“I think our model will work in many, many different markets,” said Dr. Andrew Sussman, President of MinuteClinic and Senior Vice President / Associate Chief Medical Officer of CVS Caremark Corporation. “It’s Sunday morning, your 10-year-old has a sore throat and a fever, and we’ve become a good option.”
Nurse practitioners and physician assistants treat patients for minor illnesses and injuries during extended hours inside a local CVS for about $62, before insurance. The walk-in appointments last on average 15 minutes, turning a doctor’s office visit into a routine errand.
Not sure how to figure out how much you’ve been paying for health care? See our story here.
When MinuteClinic opened, the business model included treating only the most basic ailments such as the cold, influenza and bronchitis. They’ve since expanded to treat minor injuries and recently added school physicals and injection services.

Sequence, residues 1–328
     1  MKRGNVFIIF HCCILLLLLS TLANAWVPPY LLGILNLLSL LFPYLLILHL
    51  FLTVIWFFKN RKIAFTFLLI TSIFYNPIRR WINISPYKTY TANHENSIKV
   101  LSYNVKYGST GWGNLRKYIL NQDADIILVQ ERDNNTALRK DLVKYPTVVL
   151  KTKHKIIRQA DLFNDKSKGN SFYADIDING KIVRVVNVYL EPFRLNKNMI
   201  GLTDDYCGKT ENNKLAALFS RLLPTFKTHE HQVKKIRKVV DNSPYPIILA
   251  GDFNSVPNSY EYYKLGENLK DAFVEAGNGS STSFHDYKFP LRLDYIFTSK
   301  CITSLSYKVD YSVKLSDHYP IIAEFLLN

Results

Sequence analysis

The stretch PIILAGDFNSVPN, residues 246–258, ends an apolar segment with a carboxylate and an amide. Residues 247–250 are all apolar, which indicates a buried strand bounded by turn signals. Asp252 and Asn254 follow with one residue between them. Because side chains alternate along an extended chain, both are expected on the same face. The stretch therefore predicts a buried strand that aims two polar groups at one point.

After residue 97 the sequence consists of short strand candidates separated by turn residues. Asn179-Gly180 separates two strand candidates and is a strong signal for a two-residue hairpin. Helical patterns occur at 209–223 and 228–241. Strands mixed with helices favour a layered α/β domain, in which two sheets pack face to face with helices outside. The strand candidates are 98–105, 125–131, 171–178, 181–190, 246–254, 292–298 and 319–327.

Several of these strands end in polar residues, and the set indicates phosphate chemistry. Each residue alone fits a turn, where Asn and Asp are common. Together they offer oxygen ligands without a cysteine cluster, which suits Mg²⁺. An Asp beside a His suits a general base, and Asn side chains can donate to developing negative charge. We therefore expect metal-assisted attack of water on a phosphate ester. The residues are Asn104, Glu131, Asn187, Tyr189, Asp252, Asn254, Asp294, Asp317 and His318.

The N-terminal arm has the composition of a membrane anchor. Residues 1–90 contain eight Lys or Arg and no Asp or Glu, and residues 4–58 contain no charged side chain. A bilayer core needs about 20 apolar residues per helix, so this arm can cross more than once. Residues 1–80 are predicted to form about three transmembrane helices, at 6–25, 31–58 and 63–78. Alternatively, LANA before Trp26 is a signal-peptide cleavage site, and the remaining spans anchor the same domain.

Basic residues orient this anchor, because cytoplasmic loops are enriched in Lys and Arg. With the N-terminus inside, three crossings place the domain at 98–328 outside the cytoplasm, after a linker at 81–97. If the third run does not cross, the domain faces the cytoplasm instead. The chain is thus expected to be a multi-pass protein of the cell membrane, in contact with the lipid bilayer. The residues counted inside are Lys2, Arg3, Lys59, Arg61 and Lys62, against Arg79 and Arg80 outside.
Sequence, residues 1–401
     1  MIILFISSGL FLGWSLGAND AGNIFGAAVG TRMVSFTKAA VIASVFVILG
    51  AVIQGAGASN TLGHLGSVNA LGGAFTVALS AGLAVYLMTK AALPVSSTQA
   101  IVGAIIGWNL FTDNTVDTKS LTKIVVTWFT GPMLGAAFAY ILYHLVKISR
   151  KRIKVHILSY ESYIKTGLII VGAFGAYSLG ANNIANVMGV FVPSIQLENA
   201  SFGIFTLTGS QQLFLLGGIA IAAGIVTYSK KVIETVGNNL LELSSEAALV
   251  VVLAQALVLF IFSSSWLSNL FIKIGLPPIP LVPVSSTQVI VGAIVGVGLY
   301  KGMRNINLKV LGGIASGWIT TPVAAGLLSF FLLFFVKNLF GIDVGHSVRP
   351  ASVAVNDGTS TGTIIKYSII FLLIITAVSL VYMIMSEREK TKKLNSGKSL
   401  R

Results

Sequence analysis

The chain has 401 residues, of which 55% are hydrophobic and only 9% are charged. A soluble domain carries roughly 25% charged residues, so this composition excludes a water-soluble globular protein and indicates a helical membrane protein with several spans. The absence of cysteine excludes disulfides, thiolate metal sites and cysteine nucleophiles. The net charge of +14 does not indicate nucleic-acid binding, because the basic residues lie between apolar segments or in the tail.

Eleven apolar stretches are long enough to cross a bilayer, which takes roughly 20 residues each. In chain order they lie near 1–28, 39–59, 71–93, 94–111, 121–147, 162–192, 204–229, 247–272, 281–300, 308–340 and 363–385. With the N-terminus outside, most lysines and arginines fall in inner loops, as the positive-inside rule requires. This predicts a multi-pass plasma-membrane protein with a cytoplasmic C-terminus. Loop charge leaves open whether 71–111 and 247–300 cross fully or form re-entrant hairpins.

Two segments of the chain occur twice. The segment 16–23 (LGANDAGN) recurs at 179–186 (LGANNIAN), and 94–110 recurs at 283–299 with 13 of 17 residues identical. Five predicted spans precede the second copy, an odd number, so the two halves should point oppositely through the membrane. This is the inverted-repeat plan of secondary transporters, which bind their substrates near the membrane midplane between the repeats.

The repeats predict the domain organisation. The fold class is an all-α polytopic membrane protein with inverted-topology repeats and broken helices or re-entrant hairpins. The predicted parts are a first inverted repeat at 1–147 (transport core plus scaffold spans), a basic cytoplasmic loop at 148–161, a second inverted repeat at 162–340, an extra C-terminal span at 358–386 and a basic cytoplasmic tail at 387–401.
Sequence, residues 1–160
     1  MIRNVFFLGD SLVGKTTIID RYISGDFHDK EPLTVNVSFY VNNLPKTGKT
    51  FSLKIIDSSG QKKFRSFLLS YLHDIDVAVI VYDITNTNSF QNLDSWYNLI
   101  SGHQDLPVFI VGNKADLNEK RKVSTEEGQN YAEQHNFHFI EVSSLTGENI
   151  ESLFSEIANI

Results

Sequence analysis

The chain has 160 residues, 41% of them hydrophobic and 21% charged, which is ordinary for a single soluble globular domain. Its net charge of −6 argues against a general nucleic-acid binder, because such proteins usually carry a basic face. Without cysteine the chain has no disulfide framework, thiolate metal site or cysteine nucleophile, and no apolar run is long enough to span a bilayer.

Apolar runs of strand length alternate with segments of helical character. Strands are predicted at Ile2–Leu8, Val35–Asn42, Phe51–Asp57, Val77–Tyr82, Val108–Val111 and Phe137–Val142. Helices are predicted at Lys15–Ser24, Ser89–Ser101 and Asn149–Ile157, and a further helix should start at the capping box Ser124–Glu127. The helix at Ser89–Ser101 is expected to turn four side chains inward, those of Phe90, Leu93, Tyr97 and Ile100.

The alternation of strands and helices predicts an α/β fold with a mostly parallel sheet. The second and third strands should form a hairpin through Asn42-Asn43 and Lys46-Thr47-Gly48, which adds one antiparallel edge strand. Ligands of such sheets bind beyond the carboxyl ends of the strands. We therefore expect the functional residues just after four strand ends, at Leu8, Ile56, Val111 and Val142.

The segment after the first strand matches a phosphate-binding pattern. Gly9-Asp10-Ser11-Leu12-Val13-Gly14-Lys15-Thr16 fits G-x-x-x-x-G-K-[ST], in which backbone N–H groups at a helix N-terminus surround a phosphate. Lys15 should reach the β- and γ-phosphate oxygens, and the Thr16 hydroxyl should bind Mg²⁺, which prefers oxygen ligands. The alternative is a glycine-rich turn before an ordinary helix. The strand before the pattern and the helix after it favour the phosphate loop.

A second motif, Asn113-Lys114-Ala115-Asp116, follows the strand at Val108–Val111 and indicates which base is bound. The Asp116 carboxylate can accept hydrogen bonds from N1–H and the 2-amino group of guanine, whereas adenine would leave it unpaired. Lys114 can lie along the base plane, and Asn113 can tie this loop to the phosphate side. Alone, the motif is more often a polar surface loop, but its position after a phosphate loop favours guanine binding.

“We’re rolling out more chronic disease maintenance,” Sussman said, targeting patients with diabetes, hypertension and high cholesterol. “It will be maintenance kind of activities where we work collaboratively with the patient.”The clinics have boomed both because of their low costs and convenience. But the 95% customer satisfaction, Sussman said, is what has kept people coming back.
Since CVS Caremark acquired the company in 2006, the business has exploded from 70 locations to 570, now serving 25 states, and most recently, Washington, D.C. During his February earnings report, CVS Caremark Corp. Chairman, President and CEO Thomas Ryan said foot traffic increased 50% from 2008 and that third parties paid for 80% of business in the fourth quarter.
“We still expect MinuteClinic to break even by the end of 2011 on an all-in basis,” he said.